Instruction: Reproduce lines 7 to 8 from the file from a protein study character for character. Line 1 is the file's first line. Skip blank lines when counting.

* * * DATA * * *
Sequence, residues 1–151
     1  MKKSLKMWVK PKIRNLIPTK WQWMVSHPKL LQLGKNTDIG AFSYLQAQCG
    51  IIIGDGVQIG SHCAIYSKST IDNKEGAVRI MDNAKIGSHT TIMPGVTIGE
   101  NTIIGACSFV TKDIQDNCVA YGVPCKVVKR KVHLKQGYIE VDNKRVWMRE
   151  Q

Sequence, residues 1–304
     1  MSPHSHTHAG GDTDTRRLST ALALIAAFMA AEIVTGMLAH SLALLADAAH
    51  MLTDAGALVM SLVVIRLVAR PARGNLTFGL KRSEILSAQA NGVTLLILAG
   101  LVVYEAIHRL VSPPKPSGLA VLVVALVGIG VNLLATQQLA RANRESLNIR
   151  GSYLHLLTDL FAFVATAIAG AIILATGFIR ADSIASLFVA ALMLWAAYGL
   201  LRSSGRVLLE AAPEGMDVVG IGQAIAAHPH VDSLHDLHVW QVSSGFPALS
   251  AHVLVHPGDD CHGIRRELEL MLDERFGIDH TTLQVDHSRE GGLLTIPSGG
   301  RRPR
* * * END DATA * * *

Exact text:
     1  MSPHSHTHAG GDTDTRRLST ALALIAAFMA AEIVTGMLAH SLALLADAAH
    51  MLTDAGALVM SLVVIRLVAR PARGNLTFGL KRSEILSAQA NGVTLLILAG